Robot, Researcher, or Exhibit? Tour Guides in Museums
In this paper I will focus on guides in museums and different ways of thinking about them. This is an important subject for me, because apart from my academic work, I work as a tour guide in an art gallery. Being a guide and knowing this profession from my own experience challenged the way I approach museums when writing or talking about them in an academic setting. This experience helped me understand the plurality of people and phenomena, which shape the experience of visiting a museum.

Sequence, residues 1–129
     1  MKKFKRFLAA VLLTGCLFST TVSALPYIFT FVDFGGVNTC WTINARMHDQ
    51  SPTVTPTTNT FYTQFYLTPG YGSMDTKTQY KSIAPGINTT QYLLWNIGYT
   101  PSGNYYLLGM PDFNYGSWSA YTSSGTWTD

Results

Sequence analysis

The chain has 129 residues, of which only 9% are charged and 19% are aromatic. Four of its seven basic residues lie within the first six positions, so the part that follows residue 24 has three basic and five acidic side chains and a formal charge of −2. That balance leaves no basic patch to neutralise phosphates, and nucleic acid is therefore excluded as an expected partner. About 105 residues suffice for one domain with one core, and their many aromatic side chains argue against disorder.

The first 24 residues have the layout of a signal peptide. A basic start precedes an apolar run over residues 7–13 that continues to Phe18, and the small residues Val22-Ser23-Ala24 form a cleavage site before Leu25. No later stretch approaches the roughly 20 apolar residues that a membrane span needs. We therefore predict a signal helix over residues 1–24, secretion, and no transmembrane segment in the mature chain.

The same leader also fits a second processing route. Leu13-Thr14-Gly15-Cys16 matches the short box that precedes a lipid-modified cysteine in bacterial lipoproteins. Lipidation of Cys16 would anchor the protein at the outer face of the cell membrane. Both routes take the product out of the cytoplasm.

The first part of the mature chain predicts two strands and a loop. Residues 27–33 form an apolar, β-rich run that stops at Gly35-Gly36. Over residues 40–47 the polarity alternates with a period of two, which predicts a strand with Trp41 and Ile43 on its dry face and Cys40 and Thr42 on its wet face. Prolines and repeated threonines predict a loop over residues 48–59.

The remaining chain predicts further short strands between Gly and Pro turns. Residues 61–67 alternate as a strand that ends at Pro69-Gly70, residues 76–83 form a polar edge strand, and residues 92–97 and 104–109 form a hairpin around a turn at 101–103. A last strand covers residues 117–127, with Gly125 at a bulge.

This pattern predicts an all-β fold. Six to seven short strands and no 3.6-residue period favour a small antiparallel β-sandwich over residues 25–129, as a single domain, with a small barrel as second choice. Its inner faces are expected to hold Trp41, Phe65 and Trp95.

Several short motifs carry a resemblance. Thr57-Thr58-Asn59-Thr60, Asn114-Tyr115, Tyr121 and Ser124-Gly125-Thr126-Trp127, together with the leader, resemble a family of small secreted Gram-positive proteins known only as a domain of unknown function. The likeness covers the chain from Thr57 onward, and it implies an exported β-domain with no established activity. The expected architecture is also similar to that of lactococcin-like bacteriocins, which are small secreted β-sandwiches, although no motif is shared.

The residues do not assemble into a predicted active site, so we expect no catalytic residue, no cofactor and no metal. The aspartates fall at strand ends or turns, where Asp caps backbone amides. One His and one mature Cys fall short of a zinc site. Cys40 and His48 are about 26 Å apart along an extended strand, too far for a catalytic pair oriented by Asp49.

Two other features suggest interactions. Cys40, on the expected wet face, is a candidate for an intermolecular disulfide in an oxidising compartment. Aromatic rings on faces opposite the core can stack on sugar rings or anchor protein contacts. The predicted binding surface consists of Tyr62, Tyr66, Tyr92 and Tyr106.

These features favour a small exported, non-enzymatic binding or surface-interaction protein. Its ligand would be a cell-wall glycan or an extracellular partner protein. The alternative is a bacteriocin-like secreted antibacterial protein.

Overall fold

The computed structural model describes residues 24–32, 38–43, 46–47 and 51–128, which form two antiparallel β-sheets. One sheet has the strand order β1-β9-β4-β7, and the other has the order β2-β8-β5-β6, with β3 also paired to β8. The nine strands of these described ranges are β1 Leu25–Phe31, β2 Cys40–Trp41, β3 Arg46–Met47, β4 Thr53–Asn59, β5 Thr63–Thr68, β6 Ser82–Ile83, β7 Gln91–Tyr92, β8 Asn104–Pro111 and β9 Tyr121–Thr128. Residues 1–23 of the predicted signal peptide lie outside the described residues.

... ing a museum. Exhibitions are usually seen as static representations of what was chosen by the curator, and often as results of the politics led by directors of institutions. However, there are many people involved in the process of producing meaning, and in the final effect experienced by the visitor. Guides are crucial elements of the ecosystem of a museum -they give meanings to objects and act as facilitators between the museum and the visitors. As Erik Cohen describes, guides work mostly in two dimensions: as pathfinders (leading an audience around a site) and mentors (providing information about sites) (Cohen 1985: 5-29). Sometimes they help visitors see the exposition as a linear story with a clear narrative and sometimes they disturb this narrative with their approach, allowing different voices and interpretations. They cater to the needs of visitors: their approach depends on the age, level of knowledge, or possible disability of members of the audience. Their main function is to give the objects on display a body and a voice. At the same time guides often seem invisible -they're easy to forget, as their function in the whole museum experience is supplementary. Even their bodies seem transparent in comparison with the materiality of objects on display at the exhibition. They function as invisible guides to the visual sphere.